Folks, I have been waiting to express my excitement about my recent hankering for building a traditional small boat, all tree wood, no epoxy. I want something salty, a row and sail boat, one that I could bring a small family on to safely explore an island, and row and sail alone or with a friend. Moreover, I very much need a change. I have built a lot of boats in my short career this far but they have ALL been with plywood, epoxy, or laminated/cold molded construction.
I WANT TO BUILD SOMETHING THE OLD WAY.
I have long been reading Culler's work and have dug back into his material. In fact, today I ordered plans today for Otter and for the Concordia Sloopboat. I also am looking at my dory design, the Deblois Street Dory, with new eyes, think of using all wood there. But in fact, I think my dory would be best with a ply garboard and epoxy to glue up a bottom.
Here is a little about my dory:
But in fact, I think my dory would be best with a ply garboard and epoxy to glue up a bottom. So, I want saltier, and more traditional.
So, the Concordia Sloopboat has been haunting me a lot.
Here is a Blog post by Doryman:
Waldo Howland wrote a piece about the boat that is quite lovely. I am gathering a bunch of info from the Landing School where a number of Sloopboats, mainly the larger one (Buzzards Bay Sloopboat by Culler) were built.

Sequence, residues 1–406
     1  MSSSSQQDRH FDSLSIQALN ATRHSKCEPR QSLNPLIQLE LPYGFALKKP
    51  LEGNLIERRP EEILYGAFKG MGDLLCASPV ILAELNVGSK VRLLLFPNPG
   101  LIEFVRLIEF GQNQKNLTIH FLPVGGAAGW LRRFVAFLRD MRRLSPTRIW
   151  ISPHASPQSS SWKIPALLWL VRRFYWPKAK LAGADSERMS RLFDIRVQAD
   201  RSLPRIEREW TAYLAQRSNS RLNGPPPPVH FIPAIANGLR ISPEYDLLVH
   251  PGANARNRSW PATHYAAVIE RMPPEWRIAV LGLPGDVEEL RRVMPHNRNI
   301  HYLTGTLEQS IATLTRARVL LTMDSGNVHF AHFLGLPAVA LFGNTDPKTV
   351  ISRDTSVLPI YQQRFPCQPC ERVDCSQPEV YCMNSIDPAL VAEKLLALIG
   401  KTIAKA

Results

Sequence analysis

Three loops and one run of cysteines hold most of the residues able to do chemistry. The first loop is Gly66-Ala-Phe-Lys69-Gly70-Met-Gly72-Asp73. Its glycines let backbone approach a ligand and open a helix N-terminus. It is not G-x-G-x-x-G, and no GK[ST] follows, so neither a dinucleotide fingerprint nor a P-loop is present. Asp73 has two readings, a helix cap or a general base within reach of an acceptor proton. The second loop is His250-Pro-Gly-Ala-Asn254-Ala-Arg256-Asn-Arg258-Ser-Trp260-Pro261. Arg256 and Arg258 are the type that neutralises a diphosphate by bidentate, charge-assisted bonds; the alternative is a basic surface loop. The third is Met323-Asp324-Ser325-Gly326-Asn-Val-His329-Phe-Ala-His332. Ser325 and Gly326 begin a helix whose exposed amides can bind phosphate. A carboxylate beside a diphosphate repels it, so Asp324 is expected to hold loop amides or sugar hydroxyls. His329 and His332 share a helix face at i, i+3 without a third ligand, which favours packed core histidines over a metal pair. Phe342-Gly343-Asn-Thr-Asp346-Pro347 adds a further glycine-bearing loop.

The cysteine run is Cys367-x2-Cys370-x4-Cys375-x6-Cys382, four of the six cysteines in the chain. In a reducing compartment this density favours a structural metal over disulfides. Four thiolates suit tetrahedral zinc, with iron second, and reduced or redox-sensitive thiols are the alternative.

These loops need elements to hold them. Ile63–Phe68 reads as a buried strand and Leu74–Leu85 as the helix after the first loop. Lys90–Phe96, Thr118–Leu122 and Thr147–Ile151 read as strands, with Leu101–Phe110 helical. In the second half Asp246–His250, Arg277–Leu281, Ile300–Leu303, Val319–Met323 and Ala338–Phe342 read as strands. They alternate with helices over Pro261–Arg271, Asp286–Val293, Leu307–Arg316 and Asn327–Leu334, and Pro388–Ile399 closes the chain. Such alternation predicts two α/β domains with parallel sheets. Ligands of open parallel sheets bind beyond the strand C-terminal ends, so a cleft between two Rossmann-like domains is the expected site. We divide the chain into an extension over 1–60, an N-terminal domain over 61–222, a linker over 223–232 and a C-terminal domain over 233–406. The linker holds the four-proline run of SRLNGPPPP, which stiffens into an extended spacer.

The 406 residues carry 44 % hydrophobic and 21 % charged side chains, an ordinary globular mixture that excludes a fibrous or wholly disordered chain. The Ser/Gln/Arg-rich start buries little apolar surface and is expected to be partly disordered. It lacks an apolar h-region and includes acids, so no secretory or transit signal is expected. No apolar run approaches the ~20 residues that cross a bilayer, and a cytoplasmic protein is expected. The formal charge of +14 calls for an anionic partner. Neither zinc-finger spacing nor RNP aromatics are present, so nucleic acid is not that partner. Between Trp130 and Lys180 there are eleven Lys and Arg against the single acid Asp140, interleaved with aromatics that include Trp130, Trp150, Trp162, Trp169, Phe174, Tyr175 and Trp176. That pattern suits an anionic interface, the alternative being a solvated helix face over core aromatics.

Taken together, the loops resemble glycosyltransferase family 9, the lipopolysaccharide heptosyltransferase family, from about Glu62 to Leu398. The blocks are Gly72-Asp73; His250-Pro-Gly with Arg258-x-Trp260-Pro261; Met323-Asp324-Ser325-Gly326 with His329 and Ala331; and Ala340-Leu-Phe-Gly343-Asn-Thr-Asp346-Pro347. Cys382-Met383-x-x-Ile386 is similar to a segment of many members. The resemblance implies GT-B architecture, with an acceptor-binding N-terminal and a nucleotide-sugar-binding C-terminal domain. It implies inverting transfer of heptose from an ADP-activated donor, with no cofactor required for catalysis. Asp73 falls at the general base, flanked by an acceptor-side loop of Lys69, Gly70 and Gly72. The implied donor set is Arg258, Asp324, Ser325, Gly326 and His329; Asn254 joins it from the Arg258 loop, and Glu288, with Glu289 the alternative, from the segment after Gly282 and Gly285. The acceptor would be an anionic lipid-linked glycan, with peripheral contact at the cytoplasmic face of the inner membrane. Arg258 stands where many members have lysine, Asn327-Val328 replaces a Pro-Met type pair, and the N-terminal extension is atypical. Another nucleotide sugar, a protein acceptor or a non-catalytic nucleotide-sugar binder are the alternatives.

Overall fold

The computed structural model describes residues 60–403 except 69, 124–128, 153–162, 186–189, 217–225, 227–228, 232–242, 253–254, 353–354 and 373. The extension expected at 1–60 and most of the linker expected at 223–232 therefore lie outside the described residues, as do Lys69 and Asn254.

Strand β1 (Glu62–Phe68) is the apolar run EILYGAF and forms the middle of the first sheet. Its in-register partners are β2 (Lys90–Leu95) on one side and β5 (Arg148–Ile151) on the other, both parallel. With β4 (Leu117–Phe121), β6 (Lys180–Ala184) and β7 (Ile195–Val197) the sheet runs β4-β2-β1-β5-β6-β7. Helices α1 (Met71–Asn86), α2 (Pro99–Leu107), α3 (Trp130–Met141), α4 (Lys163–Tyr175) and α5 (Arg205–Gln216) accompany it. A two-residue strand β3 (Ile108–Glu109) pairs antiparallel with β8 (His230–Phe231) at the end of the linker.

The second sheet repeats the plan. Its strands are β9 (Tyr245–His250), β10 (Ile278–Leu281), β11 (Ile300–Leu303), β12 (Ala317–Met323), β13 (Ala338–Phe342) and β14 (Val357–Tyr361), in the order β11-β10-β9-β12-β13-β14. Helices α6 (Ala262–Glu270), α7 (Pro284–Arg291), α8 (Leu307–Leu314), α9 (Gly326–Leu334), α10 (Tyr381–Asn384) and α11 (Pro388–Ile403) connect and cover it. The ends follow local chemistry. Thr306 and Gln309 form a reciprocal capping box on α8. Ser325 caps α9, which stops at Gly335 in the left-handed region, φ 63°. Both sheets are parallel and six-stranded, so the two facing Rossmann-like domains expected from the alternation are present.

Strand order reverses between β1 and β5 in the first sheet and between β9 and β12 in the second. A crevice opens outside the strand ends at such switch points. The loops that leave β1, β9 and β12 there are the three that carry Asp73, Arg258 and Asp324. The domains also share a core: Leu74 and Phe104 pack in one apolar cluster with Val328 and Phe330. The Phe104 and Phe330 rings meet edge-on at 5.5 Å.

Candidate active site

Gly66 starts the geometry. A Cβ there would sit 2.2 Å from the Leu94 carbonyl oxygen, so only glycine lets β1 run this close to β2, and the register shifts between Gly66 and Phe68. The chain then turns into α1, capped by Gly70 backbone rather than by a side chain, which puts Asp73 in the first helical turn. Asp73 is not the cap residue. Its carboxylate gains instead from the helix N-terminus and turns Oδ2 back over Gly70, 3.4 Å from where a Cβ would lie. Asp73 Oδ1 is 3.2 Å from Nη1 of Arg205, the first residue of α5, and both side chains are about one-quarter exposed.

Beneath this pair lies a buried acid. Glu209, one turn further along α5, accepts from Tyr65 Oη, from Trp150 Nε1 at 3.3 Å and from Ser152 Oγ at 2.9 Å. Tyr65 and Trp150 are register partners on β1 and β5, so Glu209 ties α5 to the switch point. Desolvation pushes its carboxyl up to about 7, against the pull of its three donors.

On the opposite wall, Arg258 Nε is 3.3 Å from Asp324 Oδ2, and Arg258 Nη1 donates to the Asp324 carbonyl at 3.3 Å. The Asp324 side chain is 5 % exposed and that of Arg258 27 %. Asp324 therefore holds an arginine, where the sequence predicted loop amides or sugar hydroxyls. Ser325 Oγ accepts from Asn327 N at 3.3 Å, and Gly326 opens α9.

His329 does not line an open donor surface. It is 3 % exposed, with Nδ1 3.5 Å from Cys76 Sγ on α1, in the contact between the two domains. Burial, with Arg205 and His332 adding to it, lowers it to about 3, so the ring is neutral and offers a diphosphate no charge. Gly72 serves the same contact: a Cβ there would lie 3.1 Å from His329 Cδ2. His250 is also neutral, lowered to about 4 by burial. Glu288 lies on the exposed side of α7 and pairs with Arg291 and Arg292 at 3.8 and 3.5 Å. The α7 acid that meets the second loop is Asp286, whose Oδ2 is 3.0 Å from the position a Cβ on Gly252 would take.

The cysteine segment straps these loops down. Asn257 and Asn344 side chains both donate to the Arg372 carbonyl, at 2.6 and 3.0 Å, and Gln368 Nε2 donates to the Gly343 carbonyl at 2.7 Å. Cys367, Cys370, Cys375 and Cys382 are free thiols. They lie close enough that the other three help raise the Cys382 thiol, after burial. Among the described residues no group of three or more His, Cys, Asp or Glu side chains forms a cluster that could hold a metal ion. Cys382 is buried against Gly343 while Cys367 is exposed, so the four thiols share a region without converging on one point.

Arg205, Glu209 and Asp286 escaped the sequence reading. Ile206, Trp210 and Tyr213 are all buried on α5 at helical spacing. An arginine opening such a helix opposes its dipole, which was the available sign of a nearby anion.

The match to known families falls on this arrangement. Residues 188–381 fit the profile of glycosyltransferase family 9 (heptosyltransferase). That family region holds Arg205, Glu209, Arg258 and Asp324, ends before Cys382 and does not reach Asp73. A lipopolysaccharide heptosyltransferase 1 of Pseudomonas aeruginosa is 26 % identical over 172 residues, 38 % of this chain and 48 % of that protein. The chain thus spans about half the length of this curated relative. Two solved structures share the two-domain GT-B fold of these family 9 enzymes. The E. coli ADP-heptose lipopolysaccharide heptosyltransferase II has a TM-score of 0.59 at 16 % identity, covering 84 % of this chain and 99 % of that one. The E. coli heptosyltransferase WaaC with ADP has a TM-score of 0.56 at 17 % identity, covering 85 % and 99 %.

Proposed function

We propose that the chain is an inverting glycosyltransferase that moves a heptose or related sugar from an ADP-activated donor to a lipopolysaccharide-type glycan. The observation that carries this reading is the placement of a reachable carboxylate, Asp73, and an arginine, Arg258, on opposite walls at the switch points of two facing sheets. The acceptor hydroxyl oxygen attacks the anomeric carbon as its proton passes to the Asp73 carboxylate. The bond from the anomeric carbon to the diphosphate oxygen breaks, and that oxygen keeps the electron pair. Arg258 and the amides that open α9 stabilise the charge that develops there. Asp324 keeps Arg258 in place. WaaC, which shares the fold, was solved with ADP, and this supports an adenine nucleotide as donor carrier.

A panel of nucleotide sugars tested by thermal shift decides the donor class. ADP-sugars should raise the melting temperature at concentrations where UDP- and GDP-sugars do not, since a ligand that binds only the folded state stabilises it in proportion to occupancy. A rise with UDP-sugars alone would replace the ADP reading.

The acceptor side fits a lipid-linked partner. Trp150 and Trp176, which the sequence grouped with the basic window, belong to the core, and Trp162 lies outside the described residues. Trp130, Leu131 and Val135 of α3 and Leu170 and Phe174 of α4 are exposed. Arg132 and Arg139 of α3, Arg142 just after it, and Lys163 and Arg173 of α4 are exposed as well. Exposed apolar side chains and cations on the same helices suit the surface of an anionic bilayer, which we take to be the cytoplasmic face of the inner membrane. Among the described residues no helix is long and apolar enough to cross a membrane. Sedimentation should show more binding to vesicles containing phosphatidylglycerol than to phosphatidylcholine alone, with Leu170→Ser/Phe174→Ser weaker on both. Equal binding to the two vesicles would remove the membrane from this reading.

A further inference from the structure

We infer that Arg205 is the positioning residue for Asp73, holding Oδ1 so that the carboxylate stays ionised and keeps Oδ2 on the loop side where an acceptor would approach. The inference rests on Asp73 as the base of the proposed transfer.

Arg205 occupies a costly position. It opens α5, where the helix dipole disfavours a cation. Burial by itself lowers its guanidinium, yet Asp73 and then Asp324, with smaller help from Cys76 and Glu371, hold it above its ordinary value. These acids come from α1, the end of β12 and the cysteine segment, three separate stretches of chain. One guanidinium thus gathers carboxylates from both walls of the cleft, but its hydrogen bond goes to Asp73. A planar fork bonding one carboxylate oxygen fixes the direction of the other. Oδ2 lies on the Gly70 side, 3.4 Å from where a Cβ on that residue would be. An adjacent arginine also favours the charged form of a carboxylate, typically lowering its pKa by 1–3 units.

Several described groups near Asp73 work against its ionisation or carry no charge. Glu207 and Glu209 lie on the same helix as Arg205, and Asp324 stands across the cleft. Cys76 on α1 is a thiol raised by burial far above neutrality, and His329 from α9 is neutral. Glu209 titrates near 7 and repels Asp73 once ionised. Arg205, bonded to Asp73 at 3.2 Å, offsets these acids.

So, that is where I am at. Still open to more designs.
But the trick here is that the experience of building the boat is as important as the boat itself. I do want something that I can take my kids out in and I do want something that can be rowed for auxiliary power, but mainly a sailboat. I need it to fit in my 15x21' building space as well! Most importantly, I want to be a purist about the project, maybe, for the sake of learning. That being said, I don't think I want red lead around my shop with kids at home, and I have not decided how I will store the boat. I am seriously considering a small slip, but the finances may not allow it which would mean she'd be a trailer boat. I am not averse to using epoxy if I have to, say, in scarf joints. But I would like to build something the way Culler would do it. As he used to say, "the old ways work".